Indeed, this is compounded by the fact that many roles in fashion have historically been underpinned by unpaid internships, or low-salary entry-level positions in expensive capital cities, in effect closing the door on young people who do not have sufficient financial support behind them.
However, there are shoots of real progress. The industry is home to some creative and comprehensive strategies, and best-in-class initiatives which are driving positive change in the industry. In forward-thinking companies, leaders are rolling out policies to drive up social mobility, implementing ambitious targets, and leveraging employee networks to learn more about their workforce and empower colleagues.
A critical part of our report is a series of case studies, highlighting best practice from companies including Burberry, GANNI, PVH Europe, Lululemon and Tilting the Lens.
Geoffrey O. Williams, Global Head of Diversity and Inclusion, shared insight from Burberry’s global strategy, for example, telling us that “We believe creating positive change only happens when everyone is involved, and understanding local nuance is critical to success.” We also heard from Sinéad Burke at Tilting the Lens, who provided guidance for businesses looking to step-change progress on disability inclusion: “Best practice is to set a clear agenda and attach goals and objectives accordingly while measuring the progress along the way.”
In order to feel its many benefits, businesses must treat D&I as an urgent corporate priority. Just like digital transformation, D&I is central to business modernisation. And just like digital transformation, companies that don’t commit to it today – with a strategy, budget, and targets – will be left behind.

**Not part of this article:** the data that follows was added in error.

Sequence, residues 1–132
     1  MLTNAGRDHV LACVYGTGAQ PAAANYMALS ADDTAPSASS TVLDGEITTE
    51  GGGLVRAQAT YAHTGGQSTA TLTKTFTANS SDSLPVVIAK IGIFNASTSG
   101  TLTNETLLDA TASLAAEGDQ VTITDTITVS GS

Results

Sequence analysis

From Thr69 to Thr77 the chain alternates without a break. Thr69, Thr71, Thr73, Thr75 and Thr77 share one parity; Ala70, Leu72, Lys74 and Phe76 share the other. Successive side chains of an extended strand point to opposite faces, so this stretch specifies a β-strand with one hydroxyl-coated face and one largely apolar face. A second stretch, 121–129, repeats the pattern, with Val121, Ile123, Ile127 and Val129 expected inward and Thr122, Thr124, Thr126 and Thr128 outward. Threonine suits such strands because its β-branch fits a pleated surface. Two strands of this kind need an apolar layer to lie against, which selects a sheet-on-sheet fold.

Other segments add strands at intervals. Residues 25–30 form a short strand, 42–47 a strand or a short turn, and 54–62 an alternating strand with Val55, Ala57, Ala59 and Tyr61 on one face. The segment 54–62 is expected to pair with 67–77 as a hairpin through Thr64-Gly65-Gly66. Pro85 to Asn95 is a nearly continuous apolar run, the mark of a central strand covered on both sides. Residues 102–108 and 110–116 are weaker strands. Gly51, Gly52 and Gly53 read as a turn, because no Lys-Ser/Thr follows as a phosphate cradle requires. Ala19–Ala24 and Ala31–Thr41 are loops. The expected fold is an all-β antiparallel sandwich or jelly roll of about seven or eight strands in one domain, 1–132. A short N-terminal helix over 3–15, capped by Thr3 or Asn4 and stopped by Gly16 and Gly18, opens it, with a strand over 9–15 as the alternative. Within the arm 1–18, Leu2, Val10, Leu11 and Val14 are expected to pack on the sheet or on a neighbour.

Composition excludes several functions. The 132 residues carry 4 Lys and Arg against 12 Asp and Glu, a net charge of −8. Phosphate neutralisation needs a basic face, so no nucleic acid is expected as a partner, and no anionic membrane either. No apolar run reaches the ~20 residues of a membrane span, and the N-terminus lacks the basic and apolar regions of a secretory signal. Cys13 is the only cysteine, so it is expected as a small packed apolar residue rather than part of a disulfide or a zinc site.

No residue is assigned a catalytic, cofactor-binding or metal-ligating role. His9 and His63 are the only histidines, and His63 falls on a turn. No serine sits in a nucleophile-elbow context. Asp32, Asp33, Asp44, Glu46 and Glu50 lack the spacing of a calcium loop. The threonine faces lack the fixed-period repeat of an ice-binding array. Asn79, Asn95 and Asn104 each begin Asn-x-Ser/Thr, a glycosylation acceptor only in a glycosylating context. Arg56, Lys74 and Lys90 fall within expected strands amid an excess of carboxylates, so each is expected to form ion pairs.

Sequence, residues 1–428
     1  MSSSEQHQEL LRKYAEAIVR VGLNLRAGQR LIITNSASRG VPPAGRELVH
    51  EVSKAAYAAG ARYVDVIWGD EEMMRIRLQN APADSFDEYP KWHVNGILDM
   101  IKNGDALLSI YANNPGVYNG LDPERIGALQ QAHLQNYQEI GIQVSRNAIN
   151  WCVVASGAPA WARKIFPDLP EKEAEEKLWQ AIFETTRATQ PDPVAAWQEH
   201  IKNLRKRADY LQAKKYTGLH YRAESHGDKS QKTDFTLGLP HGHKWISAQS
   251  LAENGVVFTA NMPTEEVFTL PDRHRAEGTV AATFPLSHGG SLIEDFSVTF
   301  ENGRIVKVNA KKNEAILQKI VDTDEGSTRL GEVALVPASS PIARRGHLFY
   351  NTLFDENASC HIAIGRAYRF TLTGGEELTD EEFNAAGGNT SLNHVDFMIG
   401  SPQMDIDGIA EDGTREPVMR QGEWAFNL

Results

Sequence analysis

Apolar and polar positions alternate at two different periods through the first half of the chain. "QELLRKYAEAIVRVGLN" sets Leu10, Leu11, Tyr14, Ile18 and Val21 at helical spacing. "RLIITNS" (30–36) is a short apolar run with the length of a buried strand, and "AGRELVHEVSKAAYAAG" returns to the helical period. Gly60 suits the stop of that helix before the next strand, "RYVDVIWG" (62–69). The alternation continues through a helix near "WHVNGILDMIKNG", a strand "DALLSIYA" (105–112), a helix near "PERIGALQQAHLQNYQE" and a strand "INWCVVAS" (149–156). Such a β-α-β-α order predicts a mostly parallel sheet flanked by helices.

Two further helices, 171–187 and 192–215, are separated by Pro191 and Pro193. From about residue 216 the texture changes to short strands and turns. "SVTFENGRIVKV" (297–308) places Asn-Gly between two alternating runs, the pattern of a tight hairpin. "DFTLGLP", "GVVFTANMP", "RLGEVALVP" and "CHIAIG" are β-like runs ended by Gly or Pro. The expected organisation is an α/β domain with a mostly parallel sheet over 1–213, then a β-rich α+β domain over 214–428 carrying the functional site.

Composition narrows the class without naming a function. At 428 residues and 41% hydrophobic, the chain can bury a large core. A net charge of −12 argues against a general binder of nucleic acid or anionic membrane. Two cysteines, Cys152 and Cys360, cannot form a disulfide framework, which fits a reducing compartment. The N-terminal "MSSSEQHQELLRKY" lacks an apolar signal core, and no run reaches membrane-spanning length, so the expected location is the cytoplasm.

“Just like digital transformation, D&I is central to business modernisation. And just like digital transformation, companies that don’t commit to it today – with a strategy, budget, and targets – will be left behind.”
From my conversations, it’s clear that fashion businesses with the most impactful D&I strategies have made it an absolute pillar of their corporate identity, where D&I is owned by the CEO or Chair, not siloed as an ‘HR’ issue, and can be authentically felt across every department from marketing to design to supply chain. They have hired dedicated D&I leaders with authority and gravitas who report into the CEO, and equipped them with a suitable budget to drive change.
The fashion industry has a critical role to play in shaping our culture, and in shaping our society. With an evolving industry identity, and a large proportion of women in the customer and employee base, fashion is well placed to make progress on D&I and to quickly see its benefits.
Today is the time to take action. We commit to making this report an annual event in order to measure progress, and to continue to encourage knowledge sharing between fashion companies. One of the most common topics of conversation was that companies simply don’t know ‘what good looks like’ and thus open transparency of strategies is critical to increase the pace of change. In the autumn, we will host a series of webinars for the industry to revisit our research findings and share best practice more widely.
To conclude, I’d like to round off with four recommendations from the MBS Group on how to prioritise inclusion in your business:
● What gets measured, gets done: The furthest-ahead businesses are prioritising data collection to better understand diversity in their organisation and measure progress
● Put your money where your mouth is: Where specific budgets have been allocated, companies are more advanced on D&I
● Share best practice: We believe there is a responsibility for companies that are more developed with their D&I strategies to share initiatives for others to learn from
● Lead from the top: While employee networks and grassroots activity are a critical part of the journey, D&I is owned by the Board, CEO and executive committee in gold-star businesses. It is a leadership, not a human resources issue
I hope that you find the report, which you can read in full here, of interest, and that it can be used as a tool to drive lasting positive change in our industry.